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How to Scale a Startup

How to Scale a Startup


For Michael Lightfoot, building a company is as much a personal journey as a professional one.

After co-founding Domuso, Lightfoot came to understand the importance of inviting people to learn about the pioneering company’s goals and gather insights from their many perspectives. Now, as the COO, he finds that it is even more critical as the online payments platform for renters and landlords is scaling.

Soak up experts’ opinions

"Entrepreneurship is not about building something in a black box," Lightfoot says. "You cannot be afraid to put yourself out there. You have to. That’s part of the process."

It’s one thing to have a good idea for a startup, but it’s a whole level to get it to scale. Since first launching in 2014, Domuso has signed up more than 30,000 units whose tenants can pay their rent online and, should they need to, apply for credit to pay in installments. For example, Domuso, like other fintech companies offering credit services, has had to quickly gain expertise in payments solutions and state and federal banking regulatory issues.

"We made a point of being on every call, trying to talk with every advisor and just get as much input as possible." Mitigating the risk of missing a step or not fully mastering an area is essential: "It’s too dangerous not to have high-quality information."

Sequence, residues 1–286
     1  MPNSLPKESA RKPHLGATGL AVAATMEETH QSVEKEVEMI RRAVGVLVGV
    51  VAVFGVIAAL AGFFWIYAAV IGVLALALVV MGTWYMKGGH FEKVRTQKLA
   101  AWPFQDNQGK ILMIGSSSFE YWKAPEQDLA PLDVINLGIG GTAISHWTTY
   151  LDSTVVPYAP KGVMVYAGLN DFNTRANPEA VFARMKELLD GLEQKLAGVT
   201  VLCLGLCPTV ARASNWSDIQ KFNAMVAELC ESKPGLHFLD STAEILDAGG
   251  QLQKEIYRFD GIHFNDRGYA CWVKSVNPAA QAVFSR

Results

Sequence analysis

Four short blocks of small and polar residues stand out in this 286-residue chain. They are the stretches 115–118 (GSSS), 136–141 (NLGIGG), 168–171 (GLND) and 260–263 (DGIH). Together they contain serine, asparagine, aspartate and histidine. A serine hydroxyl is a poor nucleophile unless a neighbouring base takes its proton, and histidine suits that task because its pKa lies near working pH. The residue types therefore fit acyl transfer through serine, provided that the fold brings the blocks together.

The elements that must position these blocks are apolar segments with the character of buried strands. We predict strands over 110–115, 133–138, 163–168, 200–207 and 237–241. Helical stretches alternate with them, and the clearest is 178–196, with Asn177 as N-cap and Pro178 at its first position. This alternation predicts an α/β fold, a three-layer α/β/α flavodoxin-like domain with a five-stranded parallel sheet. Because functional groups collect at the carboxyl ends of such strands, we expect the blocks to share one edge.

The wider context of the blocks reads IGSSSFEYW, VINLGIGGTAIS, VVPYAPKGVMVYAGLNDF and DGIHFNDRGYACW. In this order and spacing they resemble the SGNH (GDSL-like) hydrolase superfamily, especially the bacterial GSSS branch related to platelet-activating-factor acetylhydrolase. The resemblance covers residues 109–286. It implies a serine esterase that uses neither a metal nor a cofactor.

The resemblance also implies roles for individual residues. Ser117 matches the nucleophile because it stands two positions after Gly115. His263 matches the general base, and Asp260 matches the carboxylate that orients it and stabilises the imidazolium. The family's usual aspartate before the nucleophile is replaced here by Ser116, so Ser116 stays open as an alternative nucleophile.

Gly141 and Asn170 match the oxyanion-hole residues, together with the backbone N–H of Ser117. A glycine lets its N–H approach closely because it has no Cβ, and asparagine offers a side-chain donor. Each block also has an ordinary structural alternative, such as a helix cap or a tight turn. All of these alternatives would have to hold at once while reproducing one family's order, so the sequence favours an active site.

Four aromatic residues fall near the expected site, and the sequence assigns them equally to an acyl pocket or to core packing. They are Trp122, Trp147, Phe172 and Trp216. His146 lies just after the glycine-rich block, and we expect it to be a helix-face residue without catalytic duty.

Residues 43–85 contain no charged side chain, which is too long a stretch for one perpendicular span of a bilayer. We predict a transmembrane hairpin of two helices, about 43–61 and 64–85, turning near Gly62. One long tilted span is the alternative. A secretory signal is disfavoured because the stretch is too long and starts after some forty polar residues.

Be confident yet flexible

He also advises to make changes quickly when something isn’t working. "I think the biggest mistakes happen when you let things linger. The sooner you realize that you need to make a decision, even if you need to course correct later, the better."

Domuso is ramping up its marketing and sales efforts to prepare to expand Series A financing. When hiring, Lightfoot looks for people with a deep commitment to the product and unwavering flexibility: "Finding that right mindset is very important."

Lightfoot says that he has learned to be flexible in every step of his journey: "Every time we say, ‘This time we know what we’re doing,’ things always change." And he adds, he’s had to get used to the fact that there is always going to be more work than you can do.

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Entrepreneurship is not about building in a black box. You cannot be afraid to put yourself out there. You have to. That’s part of the process.

- Michael Lightfoot, Co-founder and COO of Domuso

 

Choose a bank that gives you access

Lightfoot says SVB has given Domuso a competitive advantage by providing access to information, people and operational tools required to scale.

In 2016, the company was chosen to participate in Commerce.Innovated, an annual four-month-long accelerator co-sponsored by the bank that is designed to help young fintech companies gain access to a network of experts and services.

The program helped Domuso gain expertise on how to handle compliance issues and design payments solutions for their specific clients. "With SVB, they were willing to work with a small company and customize things," Lightfoot says. "That’s extremely helpful."

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How to Choose a Co-founder

Watch Michael Lightfoot, co-founder and COO of Domuso, talk about how to choose a co-founder.

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